Former coordinator Mike Martz had the Bears’ offense humming before Jay Cutler got hurt. | Tom Cruze~Sun-Times
Updated: February 18, 2012 8:17AM
Thirty-eight years after starting his career at a Fresno, Calif., high school, Mike Martz decided to retire from coaching Monday.
“It’s time,” Martz told the Sun-Times.
His greatest pupil disagrees.
“He’s a great teacher of the game and has great knowledge of the game, and he has so much to share,” two-time MVP Kurt Warner said. “It’s disappointing. But it doesn’t fully surprise me.”
Warner, now an NFL Network analyst, pointed to a conversation he had with Martz a couple of years ago, when the coach lamented if the right opportunities would be available to him.
“In the NFL, too often, a perception that someone has becomes reality,” Warner said. “I knew that when I [left] St. Louis to find another job.
“And I think Mike had to deal with that, with the personality conflicts he’s had with some coaches. Unfortunately, that goes out in front of him, and he doesn’t get the opportunities he deserves.”
Young quarterbacks are the ultimate victims, Warner said.
Warner credited former St. Louis Rams coach Dick Vermeil for giving him his first break in the NFL. But Warner credited Martz for teaching him the intricacies of the game.
“It shaped me as a player, no question,” Warner said. “It was so instrumental in who I became as a football player in every facet.”
Martz didn’t elaborate on his decision. He’ll turn 61 in May, and he has had a full career. It began at Bullard High School in 1973. In 1999, Martz was named the Rams’ offensive coordinator, and he led the famed “Greatest Show on Turf” that set several NFL records en route to a victory in Super Bowl XXXIV.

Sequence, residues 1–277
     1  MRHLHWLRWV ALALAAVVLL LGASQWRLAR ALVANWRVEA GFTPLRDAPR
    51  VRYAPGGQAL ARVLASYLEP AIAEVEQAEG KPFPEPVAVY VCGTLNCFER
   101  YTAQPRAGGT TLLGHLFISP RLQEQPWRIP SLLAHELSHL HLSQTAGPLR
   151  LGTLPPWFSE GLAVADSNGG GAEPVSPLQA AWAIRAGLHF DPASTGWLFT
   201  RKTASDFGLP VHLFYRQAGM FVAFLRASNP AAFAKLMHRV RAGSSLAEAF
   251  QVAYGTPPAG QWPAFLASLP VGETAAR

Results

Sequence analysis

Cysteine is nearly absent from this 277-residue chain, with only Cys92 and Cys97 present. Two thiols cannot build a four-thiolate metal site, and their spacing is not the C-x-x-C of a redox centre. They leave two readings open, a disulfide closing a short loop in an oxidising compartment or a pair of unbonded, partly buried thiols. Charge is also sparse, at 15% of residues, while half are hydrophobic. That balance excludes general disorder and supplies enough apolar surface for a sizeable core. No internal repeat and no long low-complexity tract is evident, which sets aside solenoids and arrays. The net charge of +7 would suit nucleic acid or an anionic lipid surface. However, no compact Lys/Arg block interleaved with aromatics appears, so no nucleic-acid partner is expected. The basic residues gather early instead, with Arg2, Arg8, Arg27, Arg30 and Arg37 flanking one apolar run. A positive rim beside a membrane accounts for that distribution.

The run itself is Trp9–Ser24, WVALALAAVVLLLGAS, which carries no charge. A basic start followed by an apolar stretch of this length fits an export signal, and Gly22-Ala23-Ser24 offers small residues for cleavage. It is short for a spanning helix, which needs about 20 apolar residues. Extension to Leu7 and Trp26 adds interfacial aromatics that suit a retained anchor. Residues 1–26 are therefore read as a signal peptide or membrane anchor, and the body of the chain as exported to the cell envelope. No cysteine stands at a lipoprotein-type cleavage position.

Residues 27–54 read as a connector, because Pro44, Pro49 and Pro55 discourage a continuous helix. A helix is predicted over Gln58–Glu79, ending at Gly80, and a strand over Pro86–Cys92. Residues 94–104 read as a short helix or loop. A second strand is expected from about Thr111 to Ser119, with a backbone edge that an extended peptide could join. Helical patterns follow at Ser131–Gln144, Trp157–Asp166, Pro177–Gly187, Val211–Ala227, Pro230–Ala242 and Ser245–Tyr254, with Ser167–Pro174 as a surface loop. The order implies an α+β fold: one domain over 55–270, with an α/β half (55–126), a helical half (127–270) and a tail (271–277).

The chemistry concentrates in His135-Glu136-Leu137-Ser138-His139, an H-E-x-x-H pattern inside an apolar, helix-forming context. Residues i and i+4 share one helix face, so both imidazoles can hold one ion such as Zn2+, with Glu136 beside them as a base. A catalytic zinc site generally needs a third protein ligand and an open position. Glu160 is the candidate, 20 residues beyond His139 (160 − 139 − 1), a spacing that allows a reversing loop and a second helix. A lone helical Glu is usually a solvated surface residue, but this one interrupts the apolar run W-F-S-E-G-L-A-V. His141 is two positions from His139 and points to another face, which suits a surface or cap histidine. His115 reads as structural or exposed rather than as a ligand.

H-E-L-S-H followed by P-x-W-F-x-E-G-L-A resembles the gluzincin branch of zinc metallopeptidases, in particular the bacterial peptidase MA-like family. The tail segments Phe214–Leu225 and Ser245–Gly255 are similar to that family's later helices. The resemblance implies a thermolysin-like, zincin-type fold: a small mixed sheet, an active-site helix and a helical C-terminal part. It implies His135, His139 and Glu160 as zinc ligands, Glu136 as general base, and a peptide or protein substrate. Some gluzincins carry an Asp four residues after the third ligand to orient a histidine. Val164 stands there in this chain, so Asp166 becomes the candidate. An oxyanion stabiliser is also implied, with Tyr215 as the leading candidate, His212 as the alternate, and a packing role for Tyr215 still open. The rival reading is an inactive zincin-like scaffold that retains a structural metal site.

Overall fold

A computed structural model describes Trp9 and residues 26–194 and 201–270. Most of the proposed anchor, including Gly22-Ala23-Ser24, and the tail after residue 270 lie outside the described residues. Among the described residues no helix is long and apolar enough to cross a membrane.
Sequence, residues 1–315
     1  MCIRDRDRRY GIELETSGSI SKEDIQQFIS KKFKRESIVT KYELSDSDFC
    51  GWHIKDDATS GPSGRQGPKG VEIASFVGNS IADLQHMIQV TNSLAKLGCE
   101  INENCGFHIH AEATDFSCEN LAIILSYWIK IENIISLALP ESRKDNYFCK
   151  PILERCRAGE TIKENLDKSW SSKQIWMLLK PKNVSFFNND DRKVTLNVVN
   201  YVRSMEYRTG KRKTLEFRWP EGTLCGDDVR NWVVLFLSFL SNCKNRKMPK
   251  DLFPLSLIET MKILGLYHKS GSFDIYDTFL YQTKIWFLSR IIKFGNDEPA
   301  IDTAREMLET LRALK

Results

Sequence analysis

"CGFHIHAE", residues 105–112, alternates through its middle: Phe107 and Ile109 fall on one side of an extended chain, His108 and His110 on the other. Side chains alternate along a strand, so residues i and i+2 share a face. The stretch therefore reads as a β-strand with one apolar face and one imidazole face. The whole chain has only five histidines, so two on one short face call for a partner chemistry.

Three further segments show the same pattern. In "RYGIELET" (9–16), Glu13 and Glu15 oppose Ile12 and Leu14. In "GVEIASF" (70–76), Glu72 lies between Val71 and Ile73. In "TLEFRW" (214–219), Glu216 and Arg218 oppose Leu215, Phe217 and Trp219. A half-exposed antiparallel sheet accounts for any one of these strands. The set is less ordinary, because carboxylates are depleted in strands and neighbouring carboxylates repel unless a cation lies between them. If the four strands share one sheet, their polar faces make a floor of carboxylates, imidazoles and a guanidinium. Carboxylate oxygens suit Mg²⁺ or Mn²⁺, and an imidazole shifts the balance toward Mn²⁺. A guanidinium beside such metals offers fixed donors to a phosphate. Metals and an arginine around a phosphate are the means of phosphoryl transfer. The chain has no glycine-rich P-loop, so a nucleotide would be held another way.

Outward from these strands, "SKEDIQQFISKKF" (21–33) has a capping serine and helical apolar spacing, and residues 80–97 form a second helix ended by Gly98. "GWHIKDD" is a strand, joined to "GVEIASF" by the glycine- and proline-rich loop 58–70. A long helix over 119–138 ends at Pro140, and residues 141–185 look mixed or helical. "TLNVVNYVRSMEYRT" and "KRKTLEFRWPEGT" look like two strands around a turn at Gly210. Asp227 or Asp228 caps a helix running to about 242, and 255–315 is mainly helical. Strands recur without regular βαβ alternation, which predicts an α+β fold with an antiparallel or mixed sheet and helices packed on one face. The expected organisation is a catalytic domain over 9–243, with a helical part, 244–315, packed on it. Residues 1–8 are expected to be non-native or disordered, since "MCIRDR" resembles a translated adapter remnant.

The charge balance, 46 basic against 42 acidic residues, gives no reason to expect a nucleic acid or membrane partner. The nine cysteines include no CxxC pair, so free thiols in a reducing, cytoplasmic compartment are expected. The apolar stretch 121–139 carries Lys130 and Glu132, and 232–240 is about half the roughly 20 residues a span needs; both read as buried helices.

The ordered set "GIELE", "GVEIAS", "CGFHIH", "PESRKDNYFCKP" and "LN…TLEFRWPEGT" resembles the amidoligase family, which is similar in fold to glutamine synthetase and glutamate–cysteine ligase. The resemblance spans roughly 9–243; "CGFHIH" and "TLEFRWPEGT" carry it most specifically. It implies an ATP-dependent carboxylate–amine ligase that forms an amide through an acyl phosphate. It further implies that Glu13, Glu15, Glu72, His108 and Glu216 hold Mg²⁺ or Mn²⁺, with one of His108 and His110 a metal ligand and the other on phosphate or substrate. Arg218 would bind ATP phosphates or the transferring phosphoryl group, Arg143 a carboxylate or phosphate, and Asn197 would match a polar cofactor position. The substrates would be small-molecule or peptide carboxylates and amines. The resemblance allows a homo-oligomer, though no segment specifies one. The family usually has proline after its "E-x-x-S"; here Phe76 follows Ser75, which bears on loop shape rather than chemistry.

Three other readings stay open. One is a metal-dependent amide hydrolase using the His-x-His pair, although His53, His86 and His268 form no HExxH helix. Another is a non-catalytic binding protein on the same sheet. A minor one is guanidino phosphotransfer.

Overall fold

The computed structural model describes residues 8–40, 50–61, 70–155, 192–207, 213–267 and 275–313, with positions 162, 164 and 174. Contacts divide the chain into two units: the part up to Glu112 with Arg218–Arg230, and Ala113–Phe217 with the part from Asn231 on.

“We would not win a world championship with the Rams without Mike Martz,” Vermeil said last year. “We had other great coaches, too. But he was, to me, the real catalyst. He was the final piece of our puzzle.”
That’s what the Bears were hoping when Lovie Smith hired his former boss in St. Louis. The Bears endured rough stretches in 2010, but the offense improved down the stretch as the team made a surprising run to the NFC North title and the conference championship game.
This season, after a slow start, the Bears were scoring more than 30 points a game during a five-game winning streak. Running back Matt Forte was considered an MVP candidate, and Jay Cutler was among the hottest quarterbacks in the league.
That reinforced Martz’s adaptability, Warner said.
“Outside of Jay and Matt Forte, they don’t have any superstars on offense,” Warner said. “But Mike was able to adjust to the limitations.”
But Cutler broke his thumb during a 31-20 victory over the San Diego Chargers on Nov. 20. The Bears were 7-3, and they lost five in a row before finishing 8-8.
With his contract set to expire, Martz and the Bears decided to part ways. Offensive line coach Mike Tice was promoted to offensive coordinator, and the Bears plan to hire a quarterbacks coach who will provide input on the passing offense.